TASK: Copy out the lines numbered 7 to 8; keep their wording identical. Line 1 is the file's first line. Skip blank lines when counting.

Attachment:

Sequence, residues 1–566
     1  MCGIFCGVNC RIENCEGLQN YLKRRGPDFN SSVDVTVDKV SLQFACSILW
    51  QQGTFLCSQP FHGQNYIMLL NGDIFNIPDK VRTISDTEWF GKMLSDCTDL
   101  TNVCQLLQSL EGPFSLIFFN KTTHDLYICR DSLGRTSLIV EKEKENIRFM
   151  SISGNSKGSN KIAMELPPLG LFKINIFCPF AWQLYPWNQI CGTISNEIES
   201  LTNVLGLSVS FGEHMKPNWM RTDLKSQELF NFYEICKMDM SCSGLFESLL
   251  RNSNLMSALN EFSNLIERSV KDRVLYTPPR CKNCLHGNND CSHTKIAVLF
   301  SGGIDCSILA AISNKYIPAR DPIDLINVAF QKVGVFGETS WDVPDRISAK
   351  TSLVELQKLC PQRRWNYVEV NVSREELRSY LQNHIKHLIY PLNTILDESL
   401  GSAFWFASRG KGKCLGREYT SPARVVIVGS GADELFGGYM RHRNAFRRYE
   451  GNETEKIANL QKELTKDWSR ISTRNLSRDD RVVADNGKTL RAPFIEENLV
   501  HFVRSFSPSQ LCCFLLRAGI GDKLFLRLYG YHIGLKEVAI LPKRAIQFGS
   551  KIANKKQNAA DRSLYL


   251  RNSNLMSALN EFSNLIERSV KDRVLYTPPR CKNCLHGNND CSHTKIAVLF
   301  SGGIDCSILA AISNKYIPAR DPIDLINVAF QKVGVFGETS WDVPDRISAK